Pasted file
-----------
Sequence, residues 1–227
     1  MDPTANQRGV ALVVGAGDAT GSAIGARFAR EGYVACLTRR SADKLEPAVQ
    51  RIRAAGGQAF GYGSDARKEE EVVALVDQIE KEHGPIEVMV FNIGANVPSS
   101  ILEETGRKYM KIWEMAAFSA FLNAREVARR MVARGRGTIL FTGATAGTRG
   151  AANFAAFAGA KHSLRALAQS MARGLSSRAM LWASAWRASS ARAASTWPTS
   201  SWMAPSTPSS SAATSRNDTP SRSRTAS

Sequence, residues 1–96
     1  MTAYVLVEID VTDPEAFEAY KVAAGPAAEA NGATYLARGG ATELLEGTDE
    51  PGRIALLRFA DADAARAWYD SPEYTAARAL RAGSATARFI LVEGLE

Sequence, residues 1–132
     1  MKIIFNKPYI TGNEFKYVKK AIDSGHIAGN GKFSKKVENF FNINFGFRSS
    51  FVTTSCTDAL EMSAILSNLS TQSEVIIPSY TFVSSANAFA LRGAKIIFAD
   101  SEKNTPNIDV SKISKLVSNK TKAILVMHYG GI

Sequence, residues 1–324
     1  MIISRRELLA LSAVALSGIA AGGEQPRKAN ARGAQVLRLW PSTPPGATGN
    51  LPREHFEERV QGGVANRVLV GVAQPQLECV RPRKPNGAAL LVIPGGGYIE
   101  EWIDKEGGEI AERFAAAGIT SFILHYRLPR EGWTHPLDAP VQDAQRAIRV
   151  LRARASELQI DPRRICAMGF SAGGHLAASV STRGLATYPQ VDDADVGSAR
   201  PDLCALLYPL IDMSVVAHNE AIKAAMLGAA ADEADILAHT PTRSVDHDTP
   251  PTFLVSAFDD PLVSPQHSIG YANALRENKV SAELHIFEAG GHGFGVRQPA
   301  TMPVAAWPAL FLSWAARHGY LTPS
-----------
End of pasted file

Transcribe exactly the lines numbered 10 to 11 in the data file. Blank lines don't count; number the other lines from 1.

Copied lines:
Sequence, residues 1–132
     1  MKIIFNKPYI TGNEFKYVKK AIDSGHIAGN GKFSKKVENF FNINFGFRSS